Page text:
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Fri April 20, 2012
Report Touts Economic Benefits Of Protecting The Organ Mountains
LAS CRUCES, New Mexico – A new report states that protected public lands are a competitive economic advantage in southern New Mexico and Doña Ana County. The analysis contends that protecting public lands surrounding Las Cruces, by designating the Organ Mountains-Desert Peaks National Monument, will aid the region’s economic development strategy.
“Permanently protecting the iconic Organ Mountains and the surrounding natural treasures will boost our economy and benefit Doña Ana County. This Headwaters report explains how stimulating tourism, attracting new residents, and creating jobs goes hand in hand with permanently protecting public lands”, said Richard Majestic from the High Tech Consortium of Southern New Mexico.
The report, Doña Ana County’s Public Lands and Economic Prosperity, (available at http://headwaterseconomics.org/wphw/wp-content/uploads/DonaAna_County_Report.pdf) was conducted by Headwaters Economics, a non-profit research group based in Bozeman, Montana that works with local officials, business leaders, and the public to help improve land management and community development decisions.
The report reviews Doña Ana County’s regional economy—along with that of southern New Mexico and the West—and the county’s success in attracting economic growth and rising salaries and wages. It discusses economic trends and the potential forDoña Ana County’s public lands to support a growing travel and tourism sector, and also attract new residents, businesses and industries.
“Southern New Mexico’s competitive strengths and mix of economic activities have evolved in recent years,” noted report author Ben Alexander. “People are moving to the region because of its high quality of life. Services industries that employ a wide range of people—from doctors and engineers to teachers and accountants—are driving economic growth and make up the large majority of jobs today. These industries are raising wages and, along with rapid increases in non-labor income from investment and retirement sources, are helping to elevate per capita income.”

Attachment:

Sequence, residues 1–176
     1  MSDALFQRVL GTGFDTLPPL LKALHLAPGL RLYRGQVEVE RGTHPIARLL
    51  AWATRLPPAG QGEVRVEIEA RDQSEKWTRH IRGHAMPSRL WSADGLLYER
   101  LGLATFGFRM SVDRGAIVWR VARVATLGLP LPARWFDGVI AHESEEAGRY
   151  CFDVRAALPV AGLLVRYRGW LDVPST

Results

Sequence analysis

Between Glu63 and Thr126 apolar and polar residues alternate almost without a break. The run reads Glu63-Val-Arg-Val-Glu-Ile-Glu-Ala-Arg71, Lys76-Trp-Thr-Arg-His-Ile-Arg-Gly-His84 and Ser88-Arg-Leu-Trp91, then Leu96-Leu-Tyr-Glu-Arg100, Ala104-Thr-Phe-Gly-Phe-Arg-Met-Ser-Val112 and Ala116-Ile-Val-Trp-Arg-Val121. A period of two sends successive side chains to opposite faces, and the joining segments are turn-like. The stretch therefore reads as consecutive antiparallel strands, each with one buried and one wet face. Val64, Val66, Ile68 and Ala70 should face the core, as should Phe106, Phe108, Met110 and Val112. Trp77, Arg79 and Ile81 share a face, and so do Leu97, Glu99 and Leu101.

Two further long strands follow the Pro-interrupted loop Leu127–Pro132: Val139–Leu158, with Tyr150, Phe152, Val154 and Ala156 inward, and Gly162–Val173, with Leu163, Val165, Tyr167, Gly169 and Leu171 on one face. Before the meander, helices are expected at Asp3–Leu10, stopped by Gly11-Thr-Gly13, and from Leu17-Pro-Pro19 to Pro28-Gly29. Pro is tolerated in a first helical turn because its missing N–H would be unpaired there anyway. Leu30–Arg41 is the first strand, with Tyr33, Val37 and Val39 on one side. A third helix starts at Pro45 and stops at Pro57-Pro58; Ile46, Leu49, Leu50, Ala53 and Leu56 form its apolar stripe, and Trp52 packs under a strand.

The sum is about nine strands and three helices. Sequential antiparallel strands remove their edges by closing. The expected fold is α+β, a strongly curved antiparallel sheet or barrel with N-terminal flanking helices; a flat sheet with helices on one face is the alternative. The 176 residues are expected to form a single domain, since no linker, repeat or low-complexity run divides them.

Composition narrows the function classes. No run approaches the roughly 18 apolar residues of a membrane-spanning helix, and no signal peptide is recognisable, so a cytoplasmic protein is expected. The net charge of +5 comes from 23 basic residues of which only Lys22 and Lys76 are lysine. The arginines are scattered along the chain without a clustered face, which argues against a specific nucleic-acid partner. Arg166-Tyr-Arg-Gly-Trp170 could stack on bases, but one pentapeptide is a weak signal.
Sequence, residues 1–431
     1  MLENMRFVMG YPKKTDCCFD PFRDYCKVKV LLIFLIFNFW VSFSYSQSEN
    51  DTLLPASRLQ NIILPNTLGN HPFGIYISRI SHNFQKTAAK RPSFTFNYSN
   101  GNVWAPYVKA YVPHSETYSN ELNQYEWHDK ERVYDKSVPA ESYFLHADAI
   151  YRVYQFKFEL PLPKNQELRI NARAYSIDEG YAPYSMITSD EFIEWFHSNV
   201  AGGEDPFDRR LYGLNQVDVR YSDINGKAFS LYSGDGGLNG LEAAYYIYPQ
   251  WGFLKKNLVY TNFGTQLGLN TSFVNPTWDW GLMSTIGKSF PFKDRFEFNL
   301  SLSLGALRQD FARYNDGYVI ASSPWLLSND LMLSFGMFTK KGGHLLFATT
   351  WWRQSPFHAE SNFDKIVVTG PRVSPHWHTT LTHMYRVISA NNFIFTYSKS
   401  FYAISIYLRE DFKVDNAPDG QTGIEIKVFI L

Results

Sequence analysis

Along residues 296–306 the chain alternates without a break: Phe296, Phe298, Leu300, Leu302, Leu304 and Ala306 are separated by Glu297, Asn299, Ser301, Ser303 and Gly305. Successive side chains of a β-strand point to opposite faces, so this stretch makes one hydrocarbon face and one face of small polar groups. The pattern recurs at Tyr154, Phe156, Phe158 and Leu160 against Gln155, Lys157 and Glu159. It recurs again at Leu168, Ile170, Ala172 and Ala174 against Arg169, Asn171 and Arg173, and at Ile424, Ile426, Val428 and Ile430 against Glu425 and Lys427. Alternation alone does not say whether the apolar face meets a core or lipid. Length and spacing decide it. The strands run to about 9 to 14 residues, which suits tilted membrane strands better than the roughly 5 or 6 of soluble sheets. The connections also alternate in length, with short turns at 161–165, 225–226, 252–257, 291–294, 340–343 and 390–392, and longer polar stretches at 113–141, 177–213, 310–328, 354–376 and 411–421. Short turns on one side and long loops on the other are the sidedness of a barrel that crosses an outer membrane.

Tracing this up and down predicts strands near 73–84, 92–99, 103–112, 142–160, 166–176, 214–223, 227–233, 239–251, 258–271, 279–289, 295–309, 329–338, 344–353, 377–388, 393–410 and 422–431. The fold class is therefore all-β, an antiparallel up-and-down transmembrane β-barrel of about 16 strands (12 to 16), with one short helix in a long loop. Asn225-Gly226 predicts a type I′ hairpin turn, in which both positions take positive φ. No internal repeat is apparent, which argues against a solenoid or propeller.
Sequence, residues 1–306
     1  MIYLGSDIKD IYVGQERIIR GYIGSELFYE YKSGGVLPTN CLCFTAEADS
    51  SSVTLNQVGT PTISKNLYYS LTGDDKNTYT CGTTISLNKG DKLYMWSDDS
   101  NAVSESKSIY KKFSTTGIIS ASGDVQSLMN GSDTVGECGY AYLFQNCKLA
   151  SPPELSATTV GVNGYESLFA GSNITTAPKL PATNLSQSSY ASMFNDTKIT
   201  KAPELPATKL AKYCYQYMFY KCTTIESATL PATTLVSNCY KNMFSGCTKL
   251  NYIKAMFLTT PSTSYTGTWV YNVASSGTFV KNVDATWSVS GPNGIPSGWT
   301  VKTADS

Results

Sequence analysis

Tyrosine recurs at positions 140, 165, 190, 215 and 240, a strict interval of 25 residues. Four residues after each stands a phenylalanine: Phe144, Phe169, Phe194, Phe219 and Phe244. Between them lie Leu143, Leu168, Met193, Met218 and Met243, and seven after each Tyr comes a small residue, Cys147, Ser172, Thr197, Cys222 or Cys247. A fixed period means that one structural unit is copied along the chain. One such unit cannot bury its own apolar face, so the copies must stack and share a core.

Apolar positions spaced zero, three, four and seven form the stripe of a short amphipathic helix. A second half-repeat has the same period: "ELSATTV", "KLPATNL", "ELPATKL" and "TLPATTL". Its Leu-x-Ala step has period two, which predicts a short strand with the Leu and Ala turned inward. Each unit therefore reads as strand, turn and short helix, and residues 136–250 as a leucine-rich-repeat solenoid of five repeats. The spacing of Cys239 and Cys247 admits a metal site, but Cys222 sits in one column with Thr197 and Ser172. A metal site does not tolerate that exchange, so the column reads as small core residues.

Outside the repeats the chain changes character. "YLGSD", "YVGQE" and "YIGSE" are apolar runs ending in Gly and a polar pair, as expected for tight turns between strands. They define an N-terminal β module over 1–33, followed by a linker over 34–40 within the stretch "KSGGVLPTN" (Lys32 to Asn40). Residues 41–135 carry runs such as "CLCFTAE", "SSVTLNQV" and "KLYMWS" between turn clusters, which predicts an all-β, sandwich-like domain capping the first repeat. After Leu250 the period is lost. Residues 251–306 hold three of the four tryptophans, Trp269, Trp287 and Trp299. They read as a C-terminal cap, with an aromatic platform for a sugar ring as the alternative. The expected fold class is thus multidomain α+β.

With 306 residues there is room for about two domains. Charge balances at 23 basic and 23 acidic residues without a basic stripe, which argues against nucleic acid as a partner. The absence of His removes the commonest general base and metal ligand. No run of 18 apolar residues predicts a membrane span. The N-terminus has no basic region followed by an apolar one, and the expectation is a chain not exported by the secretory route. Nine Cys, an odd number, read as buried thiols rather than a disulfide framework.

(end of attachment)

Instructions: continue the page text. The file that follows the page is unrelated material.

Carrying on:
“Even with the difficult economic times, people are moving to Las Cruces,” said Victor Gallegos, owner of Nopalitos Galeria and Nopalitos Restaurant in the Mesquite Historic District. “The Organ Mountains and our other unique natural areas are on every top 10 ‘best places to live’ list that we make. It’s time we do the smart thing and permanently protect these natural areas so that Las Cruces and Doña Ana County will continue to draw new residents and new businesses far into the future.”
“In these economic times, Las Cruces and Doña Ana County needs to look seriously at any opportunity that will help positively brand this community and increase interest in visiting, moving to, or starting a business here. Protecting our world class southwestern vistas and lands can an incredible opportunity for the future of this whole region,” added Renee Frank, President of the Las Cruces Green Chamber of Commerce.
The Doña Ana County case study is part of a series of research by Headwaters Economics on the economic role of protected federal lands in the West looking at both past performance and several perspective case studies.
For example, Headwaters Economics recently completed a study of the economic performance of communities adjacent to large national monuments in the West created in the last generation (a total of 17 monuments), finding that nearby economies grew, adding new jobs, and per capita income increased, in real terms, in every case after the creation of these national monuments (see: http://headwaterseconomics.org/land/reports/national-monuments/).
Nearby National Monuments like White Sands receive between 500,000 and 600,000 visitors every year, making large economic impacts that could only grow in Las Cruces.